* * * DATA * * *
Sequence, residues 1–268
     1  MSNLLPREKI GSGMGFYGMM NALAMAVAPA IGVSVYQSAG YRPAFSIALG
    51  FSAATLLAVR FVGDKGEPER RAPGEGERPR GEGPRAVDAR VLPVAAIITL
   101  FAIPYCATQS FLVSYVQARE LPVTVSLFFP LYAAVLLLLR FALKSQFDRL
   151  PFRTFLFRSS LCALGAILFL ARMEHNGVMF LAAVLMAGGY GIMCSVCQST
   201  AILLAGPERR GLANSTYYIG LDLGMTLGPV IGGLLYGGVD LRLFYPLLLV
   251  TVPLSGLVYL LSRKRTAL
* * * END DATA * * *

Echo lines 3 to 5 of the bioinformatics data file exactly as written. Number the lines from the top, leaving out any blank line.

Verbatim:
    51  FSAATLLAVR FVGDKGEPER RAPGEGERPR GEGPRAVDAR VLPVAAIITL
   101  FAIPYCATQS FLVSYVQARE LPVTVSLFFP LYAAVLLLLR FALKSQFDRL
   151  PFRTFLFRSS LCALGAILFL ARMEHNGVMF LAAVLMAGGY GIMCSVCQST